Tips on storing peaches:

  • The best way to ripen peaches is to place them on a counter or flat surface at room temperature.  Place them on a kitchen towel (or paper towel) and place another towel over them.  This will let the peach "breathe" and ripen within a couple of days.  You can place them in a bowl, but ideally they will ripen best if they are not touching each other.
  • Peaches will ripen best if they sit on their shoulders (stem side) vs their bottom.
  • To speed up the ripening process, you can place peaches in a closed paper bag.  The natural gases released from the peaches will help them ripen at a faster rate.  To speed up the process even more, place a banana in the bag with the peaches and the natural gases from the banana will go to work.
  • Once ripe and soft, storing them in the refrigerator will slow down (but not stop) the ripening process.  If possible, be sure to eat your ripe peaches within 3-5 days (or freeze or can them before they go bad).


Turn brown?

Sliced peaches can turn brown after slicing, similar to apples, due to being exposed to oxygen.   If you need to serve them sliced, rinse with cool water and toss with a little lemon juice to slow down the browning process.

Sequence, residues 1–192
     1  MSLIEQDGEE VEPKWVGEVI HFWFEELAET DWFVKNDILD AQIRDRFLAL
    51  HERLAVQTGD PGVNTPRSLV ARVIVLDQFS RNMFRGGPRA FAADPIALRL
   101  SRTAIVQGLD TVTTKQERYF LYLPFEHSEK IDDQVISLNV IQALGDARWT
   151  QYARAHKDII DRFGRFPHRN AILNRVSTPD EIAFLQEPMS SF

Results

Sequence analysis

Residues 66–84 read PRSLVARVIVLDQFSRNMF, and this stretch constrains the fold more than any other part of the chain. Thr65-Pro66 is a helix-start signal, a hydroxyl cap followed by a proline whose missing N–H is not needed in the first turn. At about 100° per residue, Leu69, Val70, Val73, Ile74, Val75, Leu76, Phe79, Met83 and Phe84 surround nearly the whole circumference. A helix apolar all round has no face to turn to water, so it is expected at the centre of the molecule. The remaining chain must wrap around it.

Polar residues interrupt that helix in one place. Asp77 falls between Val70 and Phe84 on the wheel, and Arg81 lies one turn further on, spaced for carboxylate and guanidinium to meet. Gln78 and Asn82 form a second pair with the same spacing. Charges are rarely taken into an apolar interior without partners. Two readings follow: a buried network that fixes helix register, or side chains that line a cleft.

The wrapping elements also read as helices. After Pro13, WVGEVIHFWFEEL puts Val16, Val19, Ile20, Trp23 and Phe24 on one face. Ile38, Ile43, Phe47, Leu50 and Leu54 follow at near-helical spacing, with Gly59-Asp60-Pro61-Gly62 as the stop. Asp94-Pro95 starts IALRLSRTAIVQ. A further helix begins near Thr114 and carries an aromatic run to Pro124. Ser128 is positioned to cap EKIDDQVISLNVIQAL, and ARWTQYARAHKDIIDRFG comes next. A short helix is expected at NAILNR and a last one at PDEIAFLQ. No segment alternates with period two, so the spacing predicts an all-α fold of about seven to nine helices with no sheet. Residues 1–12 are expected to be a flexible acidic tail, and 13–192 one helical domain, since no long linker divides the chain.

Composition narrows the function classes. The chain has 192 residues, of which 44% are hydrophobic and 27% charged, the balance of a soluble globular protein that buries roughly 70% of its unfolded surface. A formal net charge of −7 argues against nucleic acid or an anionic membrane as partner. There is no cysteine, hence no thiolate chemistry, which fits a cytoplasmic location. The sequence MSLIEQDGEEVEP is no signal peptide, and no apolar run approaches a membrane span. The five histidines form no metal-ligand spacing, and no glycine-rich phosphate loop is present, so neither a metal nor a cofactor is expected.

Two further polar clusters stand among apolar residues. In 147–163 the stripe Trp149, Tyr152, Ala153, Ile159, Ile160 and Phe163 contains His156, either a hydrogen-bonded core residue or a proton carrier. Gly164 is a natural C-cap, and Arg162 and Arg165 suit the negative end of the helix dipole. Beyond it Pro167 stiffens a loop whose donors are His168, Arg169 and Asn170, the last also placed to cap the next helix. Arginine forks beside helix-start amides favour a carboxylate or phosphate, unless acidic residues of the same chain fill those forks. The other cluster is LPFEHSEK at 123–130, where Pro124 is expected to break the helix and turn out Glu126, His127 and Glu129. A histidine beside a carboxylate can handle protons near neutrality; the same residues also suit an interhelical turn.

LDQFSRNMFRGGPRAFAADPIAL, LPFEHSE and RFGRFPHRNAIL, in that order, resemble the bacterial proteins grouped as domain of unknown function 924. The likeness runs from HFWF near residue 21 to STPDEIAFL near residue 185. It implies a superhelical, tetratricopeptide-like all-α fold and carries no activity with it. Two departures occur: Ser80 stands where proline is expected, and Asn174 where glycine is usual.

Can't use them fast enough?  Freeze Them!

Peaches, like many other in-season fruits and vegetables, can easily be frozen to preserve the flavors of summer!  All fruits and veggies are welcome in the freezer, but remember, don't freeze anything you wouldn't eat right now!  Freezing does not improve preserves it!

Freezing peachesOne of the best tips when freezing peaches…freeze the pieces individually first!  This tip works great for lots of produce, especially berries, peaches, and nectarines.  Place the individual cut pieces (removing any pits) in a single layer on a baking sheet (lined with parchment paper if desired) and freeze until frozen and firm, then transfer to freezer bags or jars.

This will save you time and headaches later on…we can tell you from experience, you don’t want to chisel a clump of peach slices apart later!  For more tips on freezing summer's bounty, see our coaching tip!

Ideas to include peaches in your meals!

Summer Peach Lettuce Wraps-Eat-Real-AmericaGrilled, sauted, baked, pickled, raw...there are a variety of ways to enjoy this sweet, juicy fruit of summer!


Summer in a glass!

Peaches are also a great addition to summer drinks, including tea, water, lemonade, sangria and cocktails.

We hope this helps you enjoy this delicious summer fruit and we encourage you to take our Superfood of the Month Challenge...try peaches different ways, at least once a week for the month of July.  And, just in case you missed the prior Superfoods of the Month:

January: Kale

February: Sweet Potatoes

March: Mango

April: Asparagus

May: Rhubarb

June: Beets